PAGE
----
PATHOLOGICAL SITUATIONS ASSOCIATED WITH EXAGGERATED COMPLEMENT ACTIVATION
Once the complement cascade is activated, the complement components are under very tight regulation and control. An important aspect of this regulation is the constant presence of plasma inhibitors for the activated complement components. For each type of activated fragment there is at least one inhibitor or inhibitory mechanism. The tight regulation and rapid neutralization of the active fragments limit their range of action.
In the case of C3a and C5a, there are several serum inhibitors, one of which is be-lieved to be a serum protease that removes the carboxy-terminal arginine residue of the pep-tides and limits their ability to stimulate PMNs, leukocytes, basophils, and mast cells.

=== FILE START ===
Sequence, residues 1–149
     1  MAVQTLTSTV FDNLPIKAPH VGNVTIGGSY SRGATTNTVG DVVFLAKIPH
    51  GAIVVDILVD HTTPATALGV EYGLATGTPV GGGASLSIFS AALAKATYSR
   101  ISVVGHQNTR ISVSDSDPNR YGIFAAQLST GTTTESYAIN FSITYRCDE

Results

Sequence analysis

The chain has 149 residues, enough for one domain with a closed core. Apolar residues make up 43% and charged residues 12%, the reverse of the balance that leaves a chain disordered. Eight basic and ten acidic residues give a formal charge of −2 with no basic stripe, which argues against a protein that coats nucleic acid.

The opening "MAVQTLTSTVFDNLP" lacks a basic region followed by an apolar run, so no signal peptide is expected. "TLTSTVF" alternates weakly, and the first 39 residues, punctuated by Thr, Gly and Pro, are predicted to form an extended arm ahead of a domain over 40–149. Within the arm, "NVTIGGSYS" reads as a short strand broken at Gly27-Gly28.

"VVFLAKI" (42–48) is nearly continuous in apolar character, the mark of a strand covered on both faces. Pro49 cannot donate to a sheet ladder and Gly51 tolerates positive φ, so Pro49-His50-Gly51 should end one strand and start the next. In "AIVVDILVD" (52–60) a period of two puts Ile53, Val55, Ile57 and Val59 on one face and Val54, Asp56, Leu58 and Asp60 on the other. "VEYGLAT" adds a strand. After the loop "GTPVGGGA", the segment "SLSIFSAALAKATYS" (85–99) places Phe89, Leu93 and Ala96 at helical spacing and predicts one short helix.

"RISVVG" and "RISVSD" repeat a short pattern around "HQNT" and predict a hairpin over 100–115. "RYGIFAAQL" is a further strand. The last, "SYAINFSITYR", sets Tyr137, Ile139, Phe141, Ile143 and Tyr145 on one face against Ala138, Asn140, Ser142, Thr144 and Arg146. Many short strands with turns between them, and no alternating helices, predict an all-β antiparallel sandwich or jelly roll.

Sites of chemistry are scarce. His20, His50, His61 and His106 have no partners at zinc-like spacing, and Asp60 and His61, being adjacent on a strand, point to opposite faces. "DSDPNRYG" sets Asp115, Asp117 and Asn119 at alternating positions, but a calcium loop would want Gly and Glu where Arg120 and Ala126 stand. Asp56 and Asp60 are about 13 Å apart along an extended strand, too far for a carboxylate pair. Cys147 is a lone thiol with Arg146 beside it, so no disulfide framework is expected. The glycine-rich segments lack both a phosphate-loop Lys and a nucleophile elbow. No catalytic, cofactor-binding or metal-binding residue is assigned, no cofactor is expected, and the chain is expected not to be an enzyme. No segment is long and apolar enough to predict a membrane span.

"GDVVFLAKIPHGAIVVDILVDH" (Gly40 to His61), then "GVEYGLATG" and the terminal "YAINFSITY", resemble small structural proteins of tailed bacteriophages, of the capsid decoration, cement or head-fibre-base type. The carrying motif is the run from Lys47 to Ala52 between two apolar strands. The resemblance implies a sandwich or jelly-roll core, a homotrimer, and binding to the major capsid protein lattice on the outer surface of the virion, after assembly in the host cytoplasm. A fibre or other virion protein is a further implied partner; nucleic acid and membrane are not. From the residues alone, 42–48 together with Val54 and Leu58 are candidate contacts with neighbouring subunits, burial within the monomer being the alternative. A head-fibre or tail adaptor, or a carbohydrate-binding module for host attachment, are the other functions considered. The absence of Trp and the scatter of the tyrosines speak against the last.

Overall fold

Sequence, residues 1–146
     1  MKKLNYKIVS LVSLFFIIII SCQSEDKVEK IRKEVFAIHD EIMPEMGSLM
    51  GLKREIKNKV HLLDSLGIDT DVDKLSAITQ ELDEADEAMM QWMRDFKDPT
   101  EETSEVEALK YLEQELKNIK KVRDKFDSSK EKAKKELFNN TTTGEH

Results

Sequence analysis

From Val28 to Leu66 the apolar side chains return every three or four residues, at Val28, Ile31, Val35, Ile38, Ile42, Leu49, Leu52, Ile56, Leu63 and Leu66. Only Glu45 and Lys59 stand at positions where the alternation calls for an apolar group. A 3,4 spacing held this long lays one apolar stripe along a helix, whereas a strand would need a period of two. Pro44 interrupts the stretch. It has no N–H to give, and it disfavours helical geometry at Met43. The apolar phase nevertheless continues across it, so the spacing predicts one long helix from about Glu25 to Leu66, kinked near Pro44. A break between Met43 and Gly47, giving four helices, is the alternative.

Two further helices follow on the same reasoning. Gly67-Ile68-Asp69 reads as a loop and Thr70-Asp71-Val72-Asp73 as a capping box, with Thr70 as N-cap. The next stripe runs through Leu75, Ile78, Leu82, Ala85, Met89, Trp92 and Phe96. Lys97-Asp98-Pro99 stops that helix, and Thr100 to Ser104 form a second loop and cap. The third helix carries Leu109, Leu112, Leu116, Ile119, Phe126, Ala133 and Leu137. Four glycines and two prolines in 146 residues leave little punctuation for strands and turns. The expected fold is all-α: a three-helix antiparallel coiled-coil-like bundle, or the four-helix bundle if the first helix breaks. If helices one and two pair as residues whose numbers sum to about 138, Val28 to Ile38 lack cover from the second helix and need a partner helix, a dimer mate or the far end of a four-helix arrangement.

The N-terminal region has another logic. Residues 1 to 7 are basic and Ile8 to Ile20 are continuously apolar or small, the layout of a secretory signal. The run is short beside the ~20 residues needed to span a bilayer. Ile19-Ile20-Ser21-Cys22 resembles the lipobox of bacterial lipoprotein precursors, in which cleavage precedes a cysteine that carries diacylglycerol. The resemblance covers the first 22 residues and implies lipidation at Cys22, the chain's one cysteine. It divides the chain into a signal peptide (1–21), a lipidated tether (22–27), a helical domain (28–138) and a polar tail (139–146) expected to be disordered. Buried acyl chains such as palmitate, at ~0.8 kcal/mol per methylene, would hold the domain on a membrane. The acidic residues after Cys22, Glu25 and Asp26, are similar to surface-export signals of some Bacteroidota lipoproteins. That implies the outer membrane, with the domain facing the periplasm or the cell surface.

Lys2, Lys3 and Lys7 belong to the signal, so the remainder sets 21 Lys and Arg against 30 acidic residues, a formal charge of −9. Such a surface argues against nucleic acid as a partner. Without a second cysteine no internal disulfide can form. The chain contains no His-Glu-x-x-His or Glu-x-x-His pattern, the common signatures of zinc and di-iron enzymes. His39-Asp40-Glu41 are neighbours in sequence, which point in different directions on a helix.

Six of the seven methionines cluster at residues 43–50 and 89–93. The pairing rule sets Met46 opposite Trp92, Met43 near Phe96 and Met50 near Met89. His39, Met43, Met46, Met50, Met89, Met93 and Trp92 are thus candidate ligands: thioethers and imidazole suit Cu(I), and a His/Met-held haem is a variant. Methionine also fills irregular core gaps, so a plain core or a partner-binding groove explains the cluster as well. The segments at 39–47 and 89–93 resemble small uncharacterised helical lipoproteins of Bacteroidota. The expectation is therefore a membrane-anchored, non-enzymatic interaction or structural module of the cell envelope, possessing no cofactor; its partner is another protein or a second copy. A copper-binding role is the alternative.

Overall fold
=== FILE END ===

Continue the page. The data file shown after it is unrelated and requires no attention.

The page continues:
The inhibitor for C3b, as described in detail in previous sections, is Factor I, which only works in conjunction with appropriate cofactors (Factor H, CR1, or MCP). C4b is also inhibited by Factor I and a cofactor termed C4-binding protein (C4BP). Factor I cleaves C4b and C3b and prevents their capacity to be involved in binding down-stream components of the complement pathways.
The serum inhibitor for C1 is a serum protein, termed C1 inhibitor (C1-INH), which tends to stabilize the nonactivated C1 macromolecular complex, preventing spontaneous activation. More importantly, C1-INH has the ability to bind irreversibly to the activated form of C1r and C1s, at or near their active site. If a deficiency of any of these complement inhibitors or cofactors exists within an individual, an imbalance in complement regulation occurs and disease may ensue.